Danielle and her sisters did not see their mother often after they arrived at the orphanage.
But there were times that she would make her way to her daughters’ school so that they could all see each other.

“We used to run to the school gate to see her because she stayed nearby. That were short but very special moments because at least I knew she was ok. If she had money she would give it to us.”

Things began looking up for Danielle’s family when the Director of the orphanage assisted her mother to get into a rehabilitation programme for six months.

After almost two years, Danielle and her two sisters were returned to their mother’s care. Danielle was looking forward to being part of a happy family again.

“My mom had clean up. We could see progress, she got better. It was good to be back together as a family.

“Unfortunately, it did not last for too long. One day, we arrive home and my mom was not there. I did what I used to do in the past, after a few hours, I went to look for her in the shebeen and I saw her drinking again. She started with the light stuff like ciders but after six months she had fully relapsed and was drinking heavy things again.

“At the time, she had this guy friend that she used to bring home. I told my Mom I don’t like this guy, but my pleas were ignored. My mom began neglecting us again.

“After a few weeks, the social worker came to fetch us and took us back to the orphanage in Mitchells Plain. I suppose this time was easier to reintegrate, we were used to the place.”

Danielle’s mother returned for another stint at rehabilitation and afterwards secured employment at the same orphanage where her daughters lived, but worked in the section for boys. After some time, she told Danielle that she had decided to leave Cape Town. She had found a job near Bot Rivier and she was keen for a fresh start in her life.

Danielle and her sisters got to see their mother each time the orphanage arranged holiday camping trips to a farm owned by the orphanage’s Director that was close by where her mom stayed.

“I grew up getting used to the fact that my destiny was to be away from my mom. But even though my mom and I did not have a strong bond, I did look forward to the little time we spent together.”  

When Danielle was 15, her mother asked the Director of the orphanage if she could spend Christmas holidays with her daughters. It was agreed and mother and daughters spent 10 days together.

“For the first time, my mom and I began having talks with each other. During this time, we took a walk and she said she was going to give me money for schooling. We talked about how alcoholism is prevalent in my mom’s family. And I also told her about the pastor’s son I was spending a lot of my time with. She asked if he was my boyfriend and I said no. She just said to be careful.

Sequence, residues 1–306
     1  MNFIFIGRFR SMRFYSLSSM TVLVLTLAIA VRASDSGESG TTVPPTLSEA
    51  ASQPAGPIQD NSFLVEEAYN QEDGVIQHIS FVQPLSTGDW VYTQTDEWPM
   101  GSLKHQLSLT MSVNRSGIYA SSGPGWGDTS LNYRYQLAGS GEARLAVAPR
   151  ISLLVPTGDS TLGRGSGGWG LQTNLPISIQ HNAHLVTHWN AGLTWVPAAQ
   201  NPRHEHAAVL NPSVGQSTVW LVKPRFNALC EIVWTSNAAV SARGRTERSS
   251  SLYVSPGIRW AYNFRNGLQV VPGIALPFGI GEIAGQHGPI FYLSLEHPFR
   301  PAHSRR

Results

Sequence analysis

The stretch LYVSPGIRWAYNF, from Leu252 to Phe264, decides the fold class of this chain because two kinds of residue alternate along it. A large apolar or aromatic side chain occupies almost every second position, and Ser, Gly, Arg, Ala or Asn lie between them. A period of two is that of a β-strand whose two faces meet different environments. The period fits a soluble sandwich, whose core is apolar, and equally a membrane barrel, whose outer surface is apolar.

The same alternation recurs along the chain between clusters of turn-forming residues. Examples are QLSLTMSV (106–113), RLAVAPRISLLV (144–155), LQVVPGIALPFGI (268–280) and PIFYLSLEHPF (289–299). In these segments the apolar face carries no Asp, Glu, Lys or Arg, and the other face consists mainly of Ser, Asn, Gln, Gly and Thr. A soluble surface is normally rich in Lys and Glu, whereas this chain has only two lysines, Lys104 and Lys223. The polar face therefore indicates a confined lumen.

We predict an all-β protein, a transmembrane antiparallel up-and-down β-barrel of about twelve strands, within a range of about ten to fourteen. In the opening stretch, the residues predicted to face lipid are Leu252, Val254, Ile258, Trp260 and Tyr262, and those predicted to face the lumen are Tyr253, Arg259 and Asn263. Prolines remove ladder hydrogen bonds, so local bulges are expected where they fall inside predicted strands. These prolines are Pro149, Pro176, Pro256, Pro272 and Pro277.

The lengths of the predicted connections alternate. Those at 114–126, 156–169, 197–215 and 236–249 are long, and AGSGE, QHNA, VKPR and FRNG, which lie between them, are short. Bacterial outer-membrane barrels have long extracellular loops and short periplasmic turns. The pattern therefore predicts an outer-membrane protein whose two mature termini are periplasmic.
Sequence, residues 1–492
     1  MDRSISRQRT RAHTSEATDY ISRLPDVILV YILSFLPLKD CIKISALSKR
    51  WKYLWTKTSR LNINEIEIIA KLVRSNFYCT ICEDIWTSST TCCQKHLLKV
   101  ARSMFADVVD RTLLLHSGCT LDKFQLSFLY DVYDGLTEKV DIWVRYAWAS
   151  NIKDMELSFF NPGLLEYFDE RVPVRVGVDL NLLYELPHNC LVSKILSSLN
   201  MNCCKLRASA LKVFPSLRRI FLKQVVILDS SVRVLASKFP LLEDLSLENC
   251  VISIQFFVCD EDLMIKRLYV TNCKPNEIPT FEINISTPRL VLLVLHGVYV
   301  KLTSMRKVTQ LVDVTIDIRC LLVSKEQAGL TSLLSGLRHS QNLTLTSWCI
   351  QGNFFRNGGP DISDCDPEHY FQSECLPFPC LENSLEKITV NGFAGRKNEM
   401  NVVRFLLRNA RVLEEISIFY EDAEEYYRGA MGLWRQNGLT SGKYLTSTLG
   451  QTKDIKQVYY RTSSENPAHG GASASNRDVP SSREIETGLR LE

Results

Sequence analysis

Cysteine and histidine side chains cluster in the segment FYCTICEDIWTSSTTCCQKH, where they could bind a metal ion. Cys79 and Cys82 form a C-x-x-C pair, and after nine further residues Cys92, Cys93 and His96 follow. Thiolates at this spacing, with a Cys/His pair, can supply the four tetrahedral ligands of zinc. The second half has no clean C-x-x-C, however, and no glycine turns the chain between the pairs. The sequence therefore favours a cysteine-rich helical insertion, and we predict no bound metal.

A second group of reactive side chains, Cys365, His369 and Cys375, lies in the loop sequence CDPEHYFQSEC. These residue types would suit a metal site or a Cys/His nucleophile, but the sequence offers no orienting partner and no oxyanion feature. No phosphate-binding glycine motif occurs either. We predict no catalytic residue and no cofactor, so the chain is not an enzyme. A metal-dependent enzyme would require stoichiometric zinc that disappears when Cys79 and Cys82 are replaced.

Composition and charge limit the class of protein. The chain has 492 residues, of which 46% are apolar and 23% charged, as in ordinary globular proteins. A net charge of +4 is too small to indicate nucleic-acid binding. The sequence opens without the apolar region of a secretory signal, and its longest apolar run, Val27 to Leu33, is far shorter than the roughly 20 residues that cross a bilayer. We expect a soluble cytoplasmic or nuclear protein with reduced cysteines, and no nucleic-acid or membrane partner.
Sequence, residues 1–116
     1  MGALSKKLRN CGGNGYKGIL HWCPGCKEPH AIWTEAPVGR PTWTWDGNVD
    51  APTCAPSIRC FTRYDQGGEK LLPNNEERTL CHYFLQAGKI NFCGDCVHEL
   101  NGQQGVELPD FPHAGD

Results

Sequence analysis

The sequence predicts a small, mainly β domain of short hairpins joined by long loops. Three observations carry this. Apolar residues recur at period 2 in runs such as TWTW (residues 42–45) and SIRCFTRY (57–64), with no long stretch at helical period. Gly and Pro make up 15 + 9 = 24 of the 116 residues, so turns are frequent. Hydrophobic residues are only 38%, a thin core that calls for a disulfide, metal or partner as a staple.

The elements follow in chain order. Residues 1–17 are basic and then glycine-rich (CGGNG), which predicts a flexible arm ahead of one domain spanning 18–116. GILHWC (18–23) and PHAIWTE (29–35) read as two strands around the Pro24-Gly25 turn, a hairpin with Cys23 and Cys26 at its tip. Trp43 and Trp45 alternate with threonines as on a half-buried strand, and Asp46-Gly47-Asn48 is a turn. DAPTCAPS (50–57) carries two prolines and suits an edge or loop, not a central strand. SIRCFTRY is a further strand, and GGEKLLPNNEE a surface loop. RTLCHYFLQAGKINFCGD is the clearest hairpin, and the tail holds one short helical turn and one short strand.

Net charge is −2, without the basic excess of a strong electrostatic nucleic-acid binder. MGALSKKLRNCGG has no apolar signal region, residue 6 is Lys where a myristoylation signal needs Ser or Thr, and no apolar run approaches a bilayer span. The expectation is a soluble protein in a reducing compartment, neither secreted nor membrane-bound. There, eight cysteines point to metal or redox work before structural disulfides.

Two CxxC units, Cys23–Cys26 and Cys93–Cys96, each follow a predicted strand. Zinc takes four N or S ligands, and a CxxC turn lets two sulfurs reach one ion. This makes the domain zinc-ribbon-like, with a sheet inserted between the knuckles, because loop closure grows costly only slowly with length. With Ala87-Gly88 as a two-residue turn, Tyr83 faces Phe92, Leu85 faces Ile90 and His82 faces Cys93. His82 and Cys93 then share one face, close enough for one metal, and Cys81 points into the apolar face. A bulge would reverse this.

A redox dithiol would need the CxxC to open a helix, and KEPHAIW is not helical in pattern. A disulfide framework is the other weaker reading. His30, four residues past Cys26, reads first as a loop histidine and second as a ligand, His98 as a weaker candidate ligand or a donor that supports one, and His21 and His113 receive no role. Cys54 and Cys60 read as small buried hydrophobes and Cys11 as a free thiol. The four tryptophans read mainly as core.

“She told me she was feeling pain in the left side of her chest and I told her to see a doctor about it. But she refused and said she would take some grandpa’s (pain relief medication). She said that I must take care of my sisters and that she loves me. She never told me that she loved me before so I asked her if she was feeling okay.”

That afternoon, Danielle and her sisters left to join the rest of the orphanage kids in their Christmas camp. She describes feeling uneasy after the conversation with her mother and saying goodbye to her felt different.

“That night I was feeling funny but I was on camp and enjoying myself. Staff came in and confiscated all children’s cell phones, this was so unusual. It didn’t make sense at the time but now I know why it was done.

“The following morning, they told my sisters and me that my grandmother wanted us to visit her for the New Year’s holiday. It was still 5 days left of camp, I was not in the mood because she had just spoiled my holiday. I really wanted to stay.”

Danielle and her sisters left the camp immediately and were taken to the orphanage’s Director house. She was surprised to find that her grandmother and older brother were also there.

“I was so confused. Then my grandmother told us that my mom died. And I began shouting at them that it wasn’t true. I said that they were lying and that I don’t believe them. I just saw her the day before! I asked my mom’s friend who was there if it was true and she said yes because she had died at her place.”

Danielle’s mother had taken an afternoon nap and never woke up, she was 36 years old at the time.

“We went to identify my mom’s body in the morgue. My grandmother and brother went inside first, when my brother came out he started swearing, kicking things, he was so angry. Then I went into the room where my mom’s body was and I knew it was her from her hair and clothes that she was wearing. I just fell to the floor crying. How could it be possible? I wanted to hug my mom but they said I could not.